Atmospheric CO2 and ice-sheet state are significant influences on Indian Monsoon rainfall evolution over 30 million years, according to a study (“Tectonic and Climatic drivers of Asian Monsoon evolution”) published in Nature Communications (29th June 2021). The Open University (OU) researchers, Drs Jim Thomson, Phil Holden, Pallavi Anand, Ms Cécile Porchier, Prof. Neil Edwards and Prof. Nigel Harris, from the School of Environment Earth and Ecosystems in the STEM faculty, were part of the interdisciplinary OU research team.
This is the first long-term Asian monsoon rainfall study that has considered multiple drivers, often acting together in the geological past, to study how tectonic and climatic factors influenced monsoon rainfall over the past 30 million years. The researchers found that the Indian Monsoon rainfall strength is controlled by complex interactions of tectonic and climatic drivers, particularly atmospheric CO2 and ice-sheet state.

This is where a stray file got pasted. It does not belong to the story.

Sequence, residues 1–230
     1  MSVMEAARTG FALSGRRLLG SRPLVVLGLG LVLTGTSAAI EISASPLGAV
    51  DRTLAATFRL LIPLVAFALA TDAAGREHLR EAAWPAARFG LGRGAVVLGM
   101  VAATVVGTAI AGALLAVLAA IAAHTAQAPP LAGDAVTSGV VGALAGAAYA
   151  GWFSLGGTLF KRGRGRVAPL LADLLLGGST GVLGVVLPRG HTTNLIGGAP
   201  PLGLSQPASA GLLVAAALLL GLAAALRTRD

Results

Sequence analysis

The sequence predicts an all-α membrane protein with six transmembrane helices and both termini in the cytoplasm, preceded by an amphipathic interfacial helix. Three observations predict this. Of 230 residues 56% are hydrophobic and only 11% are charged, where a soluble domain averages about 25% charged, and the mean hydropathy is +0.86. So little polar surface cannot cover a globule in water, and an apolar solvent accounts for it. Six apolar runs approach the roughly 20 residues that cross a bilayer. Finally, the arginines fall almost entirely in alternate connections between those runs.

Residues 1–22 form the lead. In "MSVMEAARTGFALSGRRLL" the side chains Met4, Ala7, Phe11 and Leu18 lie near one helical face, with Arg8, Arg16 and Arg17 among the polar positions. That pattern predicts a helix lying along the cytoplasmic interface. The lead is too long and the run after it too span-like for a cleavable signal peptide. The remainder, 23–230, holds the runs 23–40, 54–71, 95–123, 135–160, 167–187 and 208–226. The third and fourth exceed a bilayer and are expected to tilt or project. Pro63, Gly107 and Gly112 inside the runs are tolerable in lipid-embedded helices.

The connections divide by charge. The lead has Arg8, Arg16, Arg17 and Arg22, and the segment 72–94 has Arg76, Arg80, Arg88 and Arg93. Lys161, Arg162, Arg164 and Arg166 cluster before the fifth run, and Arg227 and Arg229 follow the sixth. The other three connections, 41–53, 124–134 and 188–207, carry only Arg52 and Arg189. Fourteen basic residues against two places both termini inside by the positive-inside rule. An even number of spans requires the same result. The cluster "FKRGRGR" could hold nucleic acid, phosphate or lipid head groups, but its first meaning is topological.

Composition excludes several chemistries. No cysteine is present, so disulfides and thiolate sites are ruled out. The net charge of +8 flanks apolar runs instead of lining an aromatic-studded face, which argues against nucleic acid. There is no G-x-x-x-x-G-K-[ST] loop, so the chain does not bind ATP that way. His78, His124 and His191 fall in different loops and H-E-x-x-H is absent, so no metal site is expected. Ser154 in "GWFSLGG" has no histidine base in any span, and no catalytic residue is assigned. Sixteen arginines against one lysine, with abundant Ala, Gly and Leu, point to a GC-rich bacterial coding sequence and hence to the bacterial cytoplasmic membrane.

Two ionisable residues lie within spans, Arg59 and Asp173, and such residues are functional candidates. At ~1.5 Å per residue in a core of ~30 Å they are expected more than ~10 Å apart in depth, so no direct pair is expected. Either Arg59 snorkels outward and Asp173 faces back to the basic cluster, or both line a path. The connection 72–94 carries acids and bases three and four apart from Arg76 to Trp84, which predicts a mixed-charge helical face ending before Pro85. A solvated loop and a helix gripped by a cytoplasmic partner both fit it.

By disentangling the roles of different drivers, the authors were able to directly compare the contribution of CO2 relative to other factors. In their model, doubling atmospheric CO2 concentration from its preindustrial level to 560ppm produced increases in Indian Summer Monsoon rainfall that were greater than any changes simulated by the model in response to multiple drivers acting together over the last 30 million years. Given that global CO2 levels today are already in excess of 415ppm, avoiding the risk of changes to Indian monsoon rainfall beyond anything the Earth has experienced for many millions of years, therefore, demands urgent action to curtail CO2 emissions.
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